PRAGUE -- It was a night of firsts in the UEFA Super Cup. The first time the competition has been settled by penalties, the first time a German side has won it, and Bayern Munich's first glimpse of Pep Guardiola's Midas touch.
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Captain Philipp Lahm claimed before the match that Guardiola is a man unwilling to settle for anything less than perfection; Bayern may not have achieved that in 120 minutes but Lahm was one of five players to help deliver it in a flawless shootout display that toppled Chelsea.
It could have all been so different. Just four seconds away from missing out on a second piece of silverware this month following German Super Cup defeat to Borussia Dortmund, Guardiola and Bayern were saved as Javi Martinez became the 13th substitute to score in the Super Cup with a dramatic late equaliser.
That Bayern persisted to the death is a credit to Guardiola. At half-time in extra-time, with Chelsea 2-1 up thanks to a fine solo effort from Eden Hazard, the Spaniard assembled his team in a circle and delivered his final instructions. As Bayern's players were fixated on their Pep talk, Chelsea's players milled around -- there was no Mourinho monologue to send them on their way.
"I wanted to correct two or three things," Guardiola said of his half-time words. "When we attacked on the left, Franck was cutting inside a lot and I wanted the wingers to stay as wide as possible. I also told them that they had the opportunity to win this trophy for the first time for this club. It is a club that has won many trophies around the world but now we have the chance to make it bigger."
The first step has now been taken on the long road to emulating Jupp Heynckes' achievement of last season. Guardiola, who appeared to still be visibly shaking with excitement as he sat down to address the gathered media, was keen to recognise the work of his predecessor. He opened his post-match press conference with words of thanks and even went as far as saying that "the title is dedicated to him". The Spaniard praised his players, too, highlighting their "incredible personality" before adding: "I really see now why they won everything last season given the strong character and personality that they have. I'm very happy for them."
Guardiola's charm is difficult for media and players alike to resist.
Franck Ribery, following up Thursday's UEFA Best Player in Europe award with a man of the match performance, sprinted straight to his coach after scoring Bayern's first equaliser -- embracing Guardiola and kissing his head in a manner reminiscent of the famous pre-match ritual of French pair Laurent Blanc and Fabien Barthez.
"I'm so happy for the entire team and for the coach," Ribery said after the game. "It was a very special occasion for him today. His rivalry with Mourinho is legendary but we had a lucky outcome on our side. It is important for him but of course we won the Treble last year and it's not easy for Pep to follow in these footsteps. The whole team feels pressure but even more so the coach. I think this helps us, this gives us the necessary impetus. He is an excellent coach."
Guardiola's maiden triumph with Bayern made him the first manager to win three UEFA Super Cups and denied his great rival Mourinho a first taste of the trophy. It seemed until the death that the Portuguese had outwitted his opposite number. Guardiola described Mourinho as the "master of fast counter-attacks" ahead of the game but was powerless to prevent that classic blueprint from bearing fruit. The absence of midfield lieutenant Bastian Schweinsteiger - who was thought to be ready to return from injury - was a massive loss; first Toni Kroos and then Philipp Lahm tried in vain to plug the gaping hole.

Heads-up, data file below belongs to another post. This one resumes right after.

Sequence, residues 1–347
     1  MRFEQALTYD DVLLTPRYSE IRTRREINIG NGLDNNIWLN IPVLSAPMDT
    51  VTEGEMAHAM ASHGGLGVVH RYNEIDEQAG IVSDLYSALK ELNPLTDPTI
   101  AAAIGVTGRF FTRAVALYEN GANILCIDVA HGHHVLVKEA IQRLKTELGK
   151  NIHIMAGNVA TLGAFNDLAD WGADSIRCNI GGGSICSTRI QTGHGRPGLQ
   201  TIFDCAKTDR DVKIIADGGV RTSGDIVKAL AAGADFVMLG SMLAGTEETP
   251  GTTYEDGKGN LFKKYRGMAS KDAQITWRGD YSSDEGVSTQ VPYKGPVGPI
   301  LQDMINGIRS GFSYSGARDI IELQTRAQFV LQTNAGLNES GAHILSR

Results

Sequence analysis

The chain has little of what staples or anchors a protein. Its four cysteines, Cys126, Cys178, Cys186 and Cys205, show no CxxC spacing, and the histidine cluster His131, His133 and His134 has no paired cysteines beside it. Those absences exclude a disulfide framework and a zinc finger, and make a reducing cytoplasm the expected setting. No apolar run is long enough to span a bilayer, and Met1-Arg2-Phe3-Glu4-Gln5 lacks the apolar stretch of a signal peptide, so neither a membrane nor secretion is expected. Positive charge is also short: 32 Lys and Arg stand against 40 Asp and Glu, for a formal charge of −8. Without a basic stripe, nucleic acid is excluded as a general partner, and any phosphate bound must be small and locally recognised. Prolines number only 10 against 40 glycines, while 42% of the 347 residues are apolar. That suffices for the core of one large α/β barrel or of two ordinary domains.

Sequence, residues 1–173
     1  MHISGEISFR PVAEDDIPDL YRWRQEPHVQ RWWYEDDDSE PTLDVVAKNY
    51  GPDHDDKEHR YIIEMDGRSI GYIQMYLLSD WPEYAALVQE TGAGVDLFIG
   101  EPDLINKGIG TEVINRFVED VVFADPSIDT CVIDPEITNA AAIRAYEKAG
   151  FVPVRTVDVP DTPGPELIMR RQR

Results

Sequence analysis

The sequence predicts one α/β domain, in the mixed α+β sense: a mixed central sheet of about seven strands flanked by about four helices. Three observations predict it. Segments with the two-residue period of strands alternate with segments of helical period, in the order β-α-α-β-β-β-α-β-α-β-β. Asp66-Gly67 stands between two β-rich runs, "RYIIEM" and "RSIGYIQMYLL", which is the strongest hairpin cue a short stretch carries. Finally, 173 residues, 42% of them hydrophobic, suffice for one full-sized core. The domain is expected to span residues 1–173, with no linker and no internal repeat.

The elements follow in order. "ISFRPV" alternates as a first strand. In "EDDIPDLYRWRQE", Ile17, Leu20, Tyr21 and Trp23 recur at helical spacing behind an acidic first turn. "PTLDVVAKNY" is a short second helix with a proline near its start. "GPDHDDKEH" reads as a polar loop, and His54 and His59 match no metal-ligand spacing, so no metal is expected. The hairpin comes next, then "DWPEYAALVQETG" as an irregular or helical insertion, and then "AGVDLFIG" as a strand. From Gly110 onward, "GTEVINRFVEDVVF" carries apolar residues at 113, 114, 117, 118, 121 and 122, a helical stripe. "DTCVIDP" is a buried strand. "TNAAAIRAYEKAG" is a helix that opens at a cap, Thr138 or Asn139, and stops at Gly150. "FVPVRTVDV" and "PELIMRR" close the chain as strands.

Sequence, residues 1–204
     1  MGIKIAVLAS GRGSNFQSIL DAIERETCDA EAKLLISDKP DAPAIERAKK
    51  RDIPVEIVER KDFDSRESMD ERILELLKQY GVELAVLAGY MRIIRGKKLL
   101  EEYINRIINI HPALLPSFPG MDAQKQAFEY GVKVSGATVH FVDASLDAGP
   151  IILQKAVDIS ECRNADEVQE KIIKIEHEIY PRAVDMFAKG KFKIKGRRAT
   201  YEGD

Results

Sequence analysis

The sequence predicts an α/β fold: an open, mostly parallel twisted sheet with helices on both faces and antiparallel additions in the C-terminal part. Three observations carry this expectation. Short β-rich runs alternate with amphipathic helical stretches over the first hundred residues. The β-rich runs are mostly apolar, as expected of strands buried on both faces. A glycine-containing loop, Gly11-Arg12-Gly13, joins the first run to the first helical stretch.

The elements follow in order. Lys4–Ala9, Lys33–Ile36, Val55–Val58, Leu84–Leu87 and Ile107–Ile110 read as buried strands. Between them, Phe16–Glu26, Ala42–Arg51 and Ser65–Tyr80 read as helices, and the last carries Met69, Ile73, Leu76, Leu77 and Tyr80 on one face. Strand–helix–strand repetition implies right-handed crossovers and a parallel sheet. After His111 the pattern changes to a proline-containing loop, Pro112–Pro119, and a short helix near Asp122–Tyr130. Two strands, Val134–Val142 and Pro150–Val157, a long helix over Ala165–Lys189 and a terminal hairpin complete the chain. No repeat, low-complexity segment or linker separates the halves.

Bayern created plenty in attack but were left exposed at the back. Both of Chelsea's goals came on the break, with Fernando Torres sweeping home Andre Schurrle's cross for the first, while Eden Hazard danced around Lahm before firing home their second in the first-half of extra-time.
Bayern never let up in attack, however, and Guardiola's introduction of Javi Martinez shored up the midfield, with fellow subs Mario Gotze and Xherdan Shaqiri maintaining the offensive momentum. Having suffered the most frustrating loss of his managerial career when Mourinho's Inter Milan shut up shop to eliminate his Barca in the 2010 Champions League semi-final, Guardiola was spared a repeat. Petr Cech, playing in front of plenty of Czech partisans in Prague, produced an inspirational display in the second-half of extra-time, denying Gotze, Mario Mandzukic, Martinez and Ribery in a frantic spell. But that fairytale story for the local media was snatched away by Martinez's late goal, and Manuel Neuer instead played the role of penalty shootout hero, saving an admittedly poor effort from Romelu Lukaku to make history for Bayern.
Expect Guardiola to add to that history, and his own impressive legacy, in the coming months and years. For Mourinho, the opportunity to become the first Portuguese manager to lift the Super Cup slipped away. He was nowhere to be seen as the medals were handed out and sour grapes followed as he insisted "the best team lost" and that "if you are in love with football, you don’t kill a final with a second yellow card." His argument against Ramires' red, a horrendous lunge on Gotze, left jaws agape in the press conference.
From the ridiculous to the sublime -- this is a Bayern team that shows no sign of letting up and a manager who has rediscovered his hunger for the game. The Bavarians will return to the Czech Republic in the Champions League group stage and Viktoria Plzen, and the rest of Europe, should be very afraid.